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for their own discipline. This reduction seems to be symptomatic of the quest for some solid ground to anchor the field of organization studies to. However, because the reduction is just that, and because it fails to take into account the complexity and constant flow and flux within the discipline it is ‘using’ (in this case literary theory), the attempt to find solid ground is doomed to failure. We will then move on and perform a fourth close reading on the ‘application’ of the work of Wolfgang Iser in organization studies; a body of work which explicitly aims to move beyond typologies in order ‘to produce an alternative pattern that can do justice to literature, the fictive, and the imaginary by bringing their limitless aspects into focus’ (Iser, 1993: xiv). Iser’s work (e.g. on Reception Theory/Reader Response Theory or Games/Play in the literary text) stands out in that it seems to be quoted frequently from paper to paper with a lack of argumentative purpose, thus excluding it from further engagement and consigning it to a kind of shorthand or code for ‘those in the know’. Examples we will investigate in some detail include Golden-Biddle and Locke (1993), Czarniawska (1999) and Linstead (2000). Overview of Terminology In the knowledge of possibly oversimplifying literary terms, we shall attempt a brief clarification of our terminology. Literature denotes fictional texts such as novels, unless stated otherwise, for example, when ‘literature’ might stand for the body of texts produced on a certain subject, as in ‘the literature on discourse’. Literary theory will refer to what is thought, written, and debated about literature, and the person engaged in such activity will be referred to as ‘literary scholar’. Culler provides the following definition in a classic text:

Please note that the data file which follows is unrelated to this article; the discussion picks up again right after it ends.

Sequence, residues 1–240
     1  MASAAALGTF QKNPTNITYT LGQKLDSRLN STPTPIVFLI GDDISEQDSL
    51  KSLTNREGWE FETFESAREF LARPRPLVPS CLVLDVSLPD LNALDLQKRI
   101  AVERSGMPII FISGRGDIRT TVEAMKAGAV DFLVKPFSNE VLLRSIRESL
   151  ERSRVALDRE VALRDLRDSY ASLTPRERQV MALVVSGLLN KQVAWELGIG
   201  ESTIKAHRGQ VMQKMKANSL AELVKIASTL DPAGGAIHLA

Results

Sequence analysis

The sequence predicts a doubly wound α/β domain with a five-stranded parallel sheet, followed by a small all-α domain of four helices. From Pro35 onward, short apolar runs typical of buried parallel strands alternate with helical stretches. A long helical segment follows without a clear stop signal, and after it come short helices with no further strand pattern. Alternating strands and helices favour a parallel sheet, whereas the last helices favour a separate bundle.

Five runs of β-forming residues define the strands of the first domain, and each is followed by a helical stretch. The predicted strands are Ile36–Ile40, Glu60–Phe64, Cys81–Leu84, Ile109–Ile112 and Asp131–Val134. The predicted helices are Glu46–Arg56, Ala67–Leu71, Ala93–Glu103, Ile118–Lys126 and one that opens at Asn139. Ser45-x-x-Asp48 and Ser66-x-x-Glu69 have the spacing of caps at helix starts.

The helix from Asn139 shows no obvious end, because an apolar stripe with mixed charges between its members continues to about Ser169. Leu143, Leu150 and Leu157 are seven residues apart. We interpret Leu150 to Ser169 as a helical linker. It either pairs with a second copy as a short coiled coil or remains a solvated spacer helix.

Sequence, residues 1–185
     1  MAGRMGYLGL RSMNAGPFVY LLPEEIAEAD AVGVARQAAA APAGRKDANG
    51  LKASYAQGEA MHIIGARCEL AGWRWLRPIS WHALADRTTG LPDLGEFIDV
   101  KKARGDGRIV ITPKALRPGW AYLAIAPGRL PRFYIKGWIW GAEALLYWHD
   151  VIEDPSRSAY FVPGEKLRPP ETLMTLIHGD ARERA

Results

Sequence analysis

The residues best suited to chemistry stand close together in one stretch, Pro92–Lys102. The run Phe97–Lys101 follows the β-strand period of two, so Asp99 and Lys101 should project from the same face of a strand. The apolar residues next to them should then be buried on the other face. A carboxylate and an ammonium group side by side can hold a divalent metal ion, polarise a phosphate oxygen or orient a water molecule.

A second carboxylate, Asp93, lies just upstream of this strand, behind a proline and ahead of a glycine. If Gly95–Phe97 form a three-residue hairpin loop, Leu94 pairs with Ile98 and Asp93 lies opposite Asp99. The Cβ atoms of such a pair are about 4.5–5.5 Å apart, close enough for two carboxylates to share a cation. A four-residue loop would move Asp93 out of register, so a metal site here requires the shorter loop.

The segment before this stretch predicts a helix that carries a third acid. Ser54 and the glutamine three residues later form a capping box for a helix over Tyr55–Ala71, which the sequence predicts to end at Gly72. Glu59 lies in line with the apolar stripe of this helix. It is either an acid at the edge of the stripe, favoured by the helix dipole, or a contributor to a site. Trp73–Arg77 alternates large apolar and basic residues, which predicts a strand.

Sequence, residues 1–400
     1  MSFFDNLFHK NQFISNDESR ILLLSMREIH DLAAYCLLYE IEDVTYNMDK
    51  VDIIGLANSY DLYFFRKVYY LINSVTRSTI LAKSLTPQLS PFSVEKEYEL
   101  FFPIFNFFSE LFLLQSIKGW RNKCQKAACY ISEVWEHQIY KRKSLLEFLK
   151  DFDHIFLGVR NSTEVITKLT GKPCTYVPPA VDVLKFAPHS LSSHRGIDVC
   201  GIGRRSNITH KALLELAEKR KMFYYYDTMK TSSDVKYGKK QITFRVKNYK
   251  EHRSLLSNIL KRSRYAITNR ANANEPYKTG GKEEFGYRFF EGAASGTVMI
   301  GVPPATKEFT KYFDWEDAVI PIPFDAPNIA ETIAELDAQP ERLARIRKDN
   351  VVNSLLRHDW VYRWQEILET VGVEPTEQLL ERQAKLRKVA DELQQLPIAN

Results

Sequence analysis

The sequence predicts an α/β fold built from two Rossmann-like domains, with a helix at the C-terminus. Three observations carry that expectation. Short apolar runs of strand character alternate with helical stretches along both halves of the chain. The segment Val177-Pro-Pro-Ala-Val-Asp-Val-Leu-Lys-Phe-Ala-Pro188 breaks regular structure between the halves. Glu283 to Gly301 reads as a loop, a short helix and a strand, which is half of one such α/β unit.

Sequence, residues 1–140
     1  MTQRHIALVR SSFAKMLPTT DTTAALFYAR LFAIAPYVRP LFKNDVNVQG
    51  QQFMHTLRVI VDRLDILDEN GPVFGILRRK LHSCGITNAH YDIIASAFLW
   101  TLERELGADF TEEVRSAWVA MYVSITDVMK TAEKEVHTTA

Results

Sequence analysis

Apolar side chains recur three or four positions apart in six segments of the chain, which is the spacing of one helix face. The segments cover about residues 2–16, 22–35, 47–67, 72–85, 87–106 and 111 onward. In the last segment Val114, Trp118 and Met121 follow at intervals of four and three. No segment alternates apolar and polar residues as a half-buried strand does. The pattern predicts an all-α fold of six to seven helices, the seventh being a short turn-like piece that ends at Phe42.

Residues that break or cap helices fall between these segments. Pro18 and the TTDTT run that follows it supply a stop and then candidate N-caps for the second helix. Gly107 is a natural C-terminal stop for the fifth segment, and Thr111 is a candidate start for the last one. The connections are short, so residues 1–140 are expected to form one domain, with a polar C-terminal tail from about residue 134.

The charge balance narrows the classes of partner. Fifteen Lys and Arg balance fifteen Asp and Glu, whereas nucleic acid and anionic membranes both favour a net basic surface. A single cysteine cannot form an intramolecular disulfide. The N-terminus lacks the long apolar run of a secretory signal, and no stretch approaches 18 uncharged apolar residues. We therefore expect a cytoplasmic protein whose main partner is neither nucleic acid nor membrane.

Literary theory is […] the study of problems about the nature of literature: its forms, its components, their relations. Literary theory is not a set of competing methods for the analysis of literary works – methods that are to be judged by their relevance to problems […] any more than linguistics is a set of competing models that are to be judged by their success in helping puzzled listeners understand obscure utterances. (Culler, 1981/2001: 244)